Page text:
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FOR UPDATE versus outer joins

From: Tom Lane <tgl(at)sss(dot)pgh(dot)pa(dot)us>
To: pgsql-hackers(at)postgreSQL(dot)org
Subject: FOR UPDATE versus outer joins
Date: 2009-10-28 15:22:36
Message-ID: 19574.1256743356@sss.pgh.pa.us (view raw or flat)
Thread:
Lists: pgsql-hackers
While I'm fooling with the FOR UPDATE code ...

Currently, you can't apply FOR UPDATE to a relation that's on the inner
side of an outer join, eg

regression=# select * from a left join b using(aa) for update;
ERROR:  SELECT FOR UPDATE/SHARE cannot be applied to the nullable side of an outer join

It would be a trivial code change to make this work by just not locking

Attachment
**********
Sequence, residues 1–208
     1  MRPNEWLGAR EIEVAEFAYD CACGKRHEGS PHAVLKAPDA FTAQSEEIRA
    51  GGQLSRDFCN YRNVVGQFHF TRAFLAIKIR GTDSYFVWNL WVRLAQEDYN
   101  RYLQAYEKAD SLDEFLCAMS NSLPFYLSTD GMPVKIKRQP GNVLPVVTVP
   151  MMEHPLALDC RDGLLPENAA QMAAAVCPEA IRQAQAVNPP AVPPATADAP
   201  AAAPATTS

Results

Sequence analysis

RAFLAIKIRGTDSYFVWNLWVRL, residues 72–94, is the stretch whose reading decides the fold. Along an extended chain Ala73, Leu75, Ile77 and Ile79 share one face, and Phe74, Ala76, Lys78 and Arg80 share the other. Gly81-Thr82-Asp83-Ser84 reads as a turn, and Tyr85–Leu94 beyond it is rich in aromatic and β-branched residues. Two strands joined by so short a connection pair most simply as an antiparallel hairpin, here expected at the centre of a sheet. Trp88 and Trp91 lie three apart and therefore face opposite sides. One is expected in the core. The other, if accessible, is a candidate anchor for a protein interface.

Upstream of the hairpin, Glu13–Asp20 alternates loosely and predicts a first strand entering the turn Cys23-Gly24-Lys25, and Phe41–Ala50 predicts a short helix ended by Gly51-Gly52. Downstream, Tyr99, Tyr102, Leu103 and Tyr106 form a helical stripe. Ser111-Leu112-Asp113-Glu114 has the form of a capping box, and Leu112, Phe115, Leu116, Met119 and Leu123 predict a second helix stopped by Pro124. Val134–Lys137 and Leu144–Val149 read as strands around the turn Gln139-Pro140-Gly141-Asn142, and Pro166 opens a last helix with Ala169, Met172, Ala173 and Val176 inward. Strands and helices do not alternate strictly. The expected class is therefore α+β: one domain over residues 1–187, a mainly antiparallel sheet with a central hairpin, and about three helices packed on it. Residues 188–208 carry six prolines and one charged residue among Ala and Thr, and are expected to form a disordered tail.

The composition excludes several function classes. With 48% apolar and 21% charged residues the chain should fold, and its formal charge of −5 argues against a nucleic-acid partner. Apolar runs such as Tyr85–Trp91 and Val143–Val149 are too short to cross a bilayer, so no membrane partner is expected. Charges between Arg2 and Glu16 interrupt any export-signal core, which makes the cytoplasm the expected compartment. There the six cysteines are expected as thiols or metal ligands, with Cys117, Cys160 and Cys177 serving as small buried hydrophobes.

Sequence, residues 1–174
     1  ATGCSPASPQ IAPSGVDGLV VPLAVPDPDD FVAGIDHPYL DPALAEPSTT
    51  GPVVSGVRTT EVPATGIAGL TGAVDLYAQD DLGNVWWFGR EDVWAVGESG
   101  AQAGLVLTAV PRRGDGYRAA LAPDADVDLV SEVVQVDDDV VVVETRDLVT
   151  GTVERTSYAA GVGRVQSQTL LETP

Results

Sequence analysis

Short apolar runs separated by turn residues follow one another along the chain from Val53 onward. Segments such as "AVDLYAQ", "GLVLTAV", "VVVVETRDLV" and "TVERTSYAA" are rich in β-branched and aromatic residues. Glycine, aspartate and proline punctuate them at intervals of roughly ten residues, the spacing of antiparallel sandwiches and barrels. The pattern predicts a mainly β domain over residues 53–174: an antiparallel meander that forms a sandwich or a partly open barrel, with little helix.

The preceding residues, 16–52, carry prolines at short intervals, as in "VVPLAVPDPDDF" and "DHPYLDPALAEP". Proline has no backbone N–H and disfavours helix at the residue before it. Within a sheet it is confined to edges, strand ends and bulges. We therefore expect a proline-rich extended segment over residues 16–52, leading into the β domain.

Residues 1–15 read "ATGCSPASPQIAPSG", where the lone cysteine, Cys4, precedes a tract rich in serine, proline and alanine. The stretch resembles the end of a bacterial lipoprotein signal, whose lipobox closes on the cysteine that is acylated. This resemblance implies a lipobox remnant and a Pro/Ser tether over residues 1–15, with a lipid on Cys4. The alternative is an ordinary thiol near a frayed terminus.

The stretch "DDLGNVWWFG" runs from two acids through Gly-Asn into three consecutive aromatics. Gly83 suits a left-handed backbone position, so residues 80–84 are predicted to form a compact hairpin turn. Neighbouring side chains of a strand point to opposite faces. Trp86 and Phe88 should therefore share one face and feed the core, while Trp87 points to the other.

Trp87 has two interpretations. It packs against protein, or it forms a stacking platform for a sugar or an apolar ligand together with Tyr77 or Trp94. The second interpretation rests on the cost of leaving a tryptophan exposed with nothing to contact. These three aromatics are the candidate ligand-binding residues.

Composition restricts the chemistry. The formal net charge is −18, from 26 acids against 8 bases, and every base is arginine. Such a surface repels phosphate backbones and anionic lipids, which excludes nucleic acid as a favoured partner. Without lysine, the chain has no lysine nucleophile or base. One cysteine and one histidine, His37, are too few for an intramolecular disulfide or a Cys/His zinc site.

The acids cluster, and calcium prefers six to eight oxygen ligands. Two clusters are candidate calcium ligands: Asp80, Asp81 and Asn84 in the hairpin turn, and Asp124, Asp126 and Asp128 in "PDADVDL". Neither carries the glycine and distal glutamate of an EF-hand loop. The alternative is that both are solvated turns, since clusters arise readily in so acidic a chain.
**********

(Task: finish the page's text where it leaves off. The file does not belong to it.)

any row in b when a null-extended join row is formed.  The argument
against that was that FOR UPDATE is supposed to guarantee that the same
rows can be fetched again, and it's not clear that the same
null-extended row would be formed if the join were repeated.  In
particular, if the a row's join key has been changed by a concurrent
update, we would still return the null-extended row, but there might now
be rows in b that it can join to; which we won't find since we aren't
repeating the whole join but only rechecking particular join pairs.

Do people still find that argument convincing, or would it be better to
remove the restriction and let the code do the best it can?  It seems to
me that allowing FOR UPDATE with outer joins may be more useful than not
allowing it, even given the caveat.

			regards, tom lane

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